'Neath the Arizona Skies (1934) starring John Wayne, Sheila Terry, Shirley Jean Rickert, Jack Rockwell, Yakima Canutt, George 'Gabby' Hayes directed by Harry L. Fraser Movie Review

'Neath the Arizona Skies (1934)   2/52/52/52/52/5

John Wayne in 'Neath the Arizona Skies (1934)

'Neath the Usual Standard

Despite their obvious issues I kind of enjoy these old Lone Star Picture's from the 1930s, not just because they feature John Wayne but for fans of westerns they serve up a simple slice of western action and always under an hour. But some of these movies are better than others and unfortunately "'Neath the Arizona Skies" left me under whelmed and not just because it is not such a sharply shot movie as some of the others but because it spoils a good idea with ordinary stock elements.

Chris Morrell (John Wayne - The Shootist) is taking care of Nina (Shirley Jean Rickert) a half-Indian girl who is in line to inherit $50,000 from her late mother's stake in an oil well, but first Chris and Nina must track down her father. They are not the only ones looking for Nina's father as outlaw Sam Black (Yakima Canutt) is after him and plans to use Nina to get to him. Matters become even more complicated when Morrell has to deal with robber Jim Moore (Jay Wilsey) who steals his shirt and then finds himself falling for Clara (Sheila Terry) who just happens to be Jim's sister.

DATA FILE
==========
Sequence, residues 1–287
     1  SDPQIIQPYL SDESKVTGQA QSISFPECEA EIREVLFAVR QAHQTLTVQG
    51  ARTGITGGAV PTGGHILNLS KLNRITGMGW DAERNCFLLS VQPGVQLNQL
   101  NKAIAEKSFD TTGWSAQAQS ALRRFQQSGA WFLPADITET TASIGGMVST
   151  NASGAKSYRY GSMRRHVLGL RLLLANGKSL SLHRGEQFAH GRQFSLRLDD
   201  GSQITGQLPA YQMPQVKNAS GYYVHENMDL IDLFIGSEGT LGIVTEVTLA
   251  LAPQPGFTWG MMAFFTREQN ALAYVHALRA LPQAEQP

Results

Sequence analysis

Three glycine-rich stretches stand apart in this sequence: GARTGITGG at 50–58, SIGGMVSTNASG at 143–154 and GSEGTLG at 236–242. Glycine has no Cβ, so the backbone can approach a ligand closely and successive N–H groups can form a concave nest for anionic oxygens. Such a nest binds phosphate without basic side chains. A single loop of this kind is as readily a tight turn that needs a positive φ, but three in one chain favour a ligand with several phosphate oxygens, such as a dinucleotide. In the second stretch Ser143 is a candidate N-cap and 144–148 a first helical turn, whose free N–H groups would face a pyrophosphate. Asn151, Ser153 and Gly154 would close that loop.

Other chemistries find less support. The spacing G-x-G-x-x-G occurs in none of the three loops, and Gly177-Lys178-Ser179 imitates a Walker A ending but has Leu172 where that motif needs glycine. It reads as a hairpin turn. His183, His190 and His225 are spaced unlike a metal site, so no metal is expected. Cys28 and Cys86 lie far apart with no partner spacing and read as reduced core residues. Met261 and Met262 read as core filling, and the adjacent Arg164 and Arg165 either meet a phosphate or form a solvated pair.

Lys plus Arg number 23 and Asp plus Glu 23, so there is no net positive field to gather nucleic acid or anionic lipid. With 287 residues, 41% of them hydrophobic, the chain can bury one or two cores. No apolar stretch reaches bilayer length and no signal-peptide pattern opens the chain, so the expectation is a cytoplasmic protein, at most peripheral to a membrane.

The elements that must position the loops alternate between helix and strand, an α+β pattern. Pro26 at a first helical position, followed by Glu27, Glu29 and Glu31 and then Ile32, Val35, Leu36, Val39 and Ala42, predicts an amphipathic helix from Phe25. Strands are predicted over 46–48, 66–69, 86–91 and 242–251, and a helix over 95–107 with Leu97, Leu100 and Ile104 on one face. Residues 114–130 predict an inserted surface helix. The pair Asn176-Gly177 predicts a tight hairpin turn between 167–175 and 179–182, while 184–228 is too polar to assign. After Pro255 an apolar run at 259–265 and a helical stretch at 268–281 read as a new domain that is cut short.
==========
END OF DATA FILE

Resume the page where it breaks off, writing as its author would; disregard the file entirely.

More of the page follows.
The trouble with "'Neath the Arizona Skies" is that they have a good idea for an amusing western but then destroy it with the typical action and drama which filled these early westerns. In the opening 10 minutes where we have John Wayne with a cute Shirley Jean Rickert the set up for a fun movie about the young Duke saddled with a little girl has a lot of potential for some comedy, obvious comedy but still enjoyable comedy. But instead of exploring that what we have is the usual collection of elements which means we watch Wayne's character fight some bad guys, save the day and get the girl with most of the best action involving horse riding including one featuring a horse leaping off a cliff. It's a shame because it means that "'Neath the Arizona Skies" ends up ordinary and with the inferior picture quality and the uneasy lack of soundtrack makes it hard work.

What this all boils down to is that once again "'Neath the Arizona Skies" is very much a movie for those heavily into westerns or John Wayne but for me it is one of the weaker movies from Lone Star Pictures despite having an entertaining initial set up.